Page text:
Use common sense safety precautions to avoid Christmas tree fires

COVINGTON — With the onset of the Christmas holiday season, the chance of home fires seems to increase. In fact, the Federal Emergency Management Agency (FEMA) warns that statistics show that an estimated 300 fires and 30 injuries a year result from Christmas trees alone.

But local firefighters warn that with a little forethought and by taking common sense safety precautions, tragedy can often be avoided.

It begins when you select a tree.

“Choose a tree with fresh, green needles that do not fall off when touched,” Covington Fire Department Capt. Tony Smith said.

The next crucial step is to pay attention to where you are placing the tree.

Rockdale Fire and Rescue Safety Educator Sharon Webb suggested being careful not to place the tree near a heat source of any kind, especially a fireplace or heater vent, and to keep the tree stand filled with water at all times. Statistics show one in every six Christmas tree fires result from the tree being placed too close to a heat source.

Deputy Chief Brad Stapp with Newton County Fire Service said his agency fought a Christmas tree fire last year where the homeowner had made a mistake in placement of the tree.

“About this time last year we had a fire where our investigation showed a live tree had been placed too close to the fireplace,” he said, adding that when a Christmas tree catches fire, the fire often moves fast.

Smith said for best results in making sure the tree absorbs the moisture before placing the tree in the stand, make a fresh cut of about 2 inches from the base of the trunk.

Never place candles near a Christmas tree and make sure they are kept out of reach of children or pets.

“Candles shouldn’t be unattended. They should be used very cautiously indoors,” Stapp said. “Fires resulting from unattended candles are something we get year-round.”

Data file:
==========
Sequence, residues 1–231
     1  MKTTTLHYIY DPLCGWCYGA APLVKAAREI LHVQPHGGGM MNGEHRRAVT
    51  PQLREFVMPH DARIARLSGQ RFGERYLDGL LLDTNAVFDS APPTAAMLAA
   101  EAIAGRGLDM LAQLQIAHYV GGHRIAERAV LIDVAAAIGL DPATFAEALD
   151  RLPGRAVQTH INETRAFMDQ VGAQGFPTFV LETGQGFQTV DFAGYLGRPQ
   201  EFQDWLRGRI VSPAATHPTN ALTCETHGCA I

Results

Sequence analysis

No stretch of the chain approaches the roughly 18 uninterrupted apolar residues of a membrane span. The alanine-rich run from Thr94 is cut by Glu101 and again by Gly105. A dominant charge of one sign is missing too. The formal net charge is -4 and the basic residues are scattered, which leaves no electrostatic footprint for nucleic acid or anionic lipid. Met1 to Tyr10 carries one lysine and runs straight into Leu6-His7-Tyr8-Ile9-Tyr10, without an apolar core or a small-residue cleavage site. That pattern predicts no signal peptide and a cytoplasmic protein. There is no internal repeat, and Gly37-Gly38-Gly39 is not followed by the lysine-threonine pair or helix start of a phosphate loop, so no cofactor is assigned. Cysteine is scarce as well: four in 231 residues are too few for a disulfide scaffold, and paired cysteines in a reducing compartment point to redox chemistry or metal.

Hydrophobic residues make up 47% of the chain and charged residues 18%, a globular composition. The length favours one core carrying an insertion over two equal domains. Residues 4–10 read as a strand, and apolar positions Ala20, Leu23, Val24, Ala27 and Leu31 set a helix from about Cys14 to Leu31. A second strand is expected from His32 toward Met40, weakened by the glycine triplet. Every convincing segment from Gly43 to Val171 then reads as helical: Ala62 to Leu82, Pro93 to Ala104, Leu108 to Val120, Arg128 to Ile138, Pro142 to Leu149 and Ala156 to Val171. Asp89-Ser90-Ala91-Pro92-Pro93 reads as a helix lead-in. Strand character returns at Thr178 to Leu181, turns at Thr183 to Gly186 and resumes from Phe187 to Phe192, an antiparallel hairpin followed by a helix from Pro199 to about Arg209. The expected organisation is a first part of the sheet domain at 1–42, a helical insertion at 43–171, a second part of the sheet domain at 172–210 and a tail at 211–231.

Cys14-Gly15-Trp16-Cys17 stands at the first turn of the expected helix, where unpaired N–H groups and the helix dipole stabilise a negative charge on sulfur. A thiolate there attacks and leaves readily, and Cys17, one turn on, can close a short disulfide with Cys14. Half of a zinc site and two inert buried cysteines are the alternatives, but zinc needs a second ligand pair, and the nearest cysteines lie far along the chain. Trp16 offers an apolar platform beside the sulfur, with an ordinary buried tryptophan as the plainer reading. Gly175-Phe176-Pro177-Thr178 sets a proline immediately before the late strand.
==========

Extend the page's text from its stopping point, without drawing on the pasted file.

Webb said lights should be inspected yearly for frayed wires, bare spots and broken or cracked sockets. If you find a damaged string of lights, throw it away.

The National Fire Prevention Association says that one of every three home Christmas tree fires are caused by electrical problems. And although such fires are not common, when they do occur, they are more likely to be serious.

Smith said not to place electric cords under a tree skirt or batting often placed around a tree as these materials can catch fire.

Connect no more than three strands of mini-light sets and a maximum of 50 bulbs for screw-in bulbs. LED lights are the coolest and safest.

Other safety rules include:

• Use the lights for where they are intended — outdoor lights only for outdoors and indoor lights for interior use;

• Use only lighting that is approved by testing laboratories;

• Do not overload electrical outlets;

• Do not leave holiday lights unattended. Always turn off Christmas tree lights before leaving home or going to bed.

• And when Christmas is over, be sure to remove the tree from your home promptly, before it becomes too dry.

“Dried out trees are a fire danger and should not be left in the home or garage, or placed outside against the house,” Smith warned.

There are disposal areas provided for trees at recycling centers or, often, community projects such as Bring One for the Chipper are made available.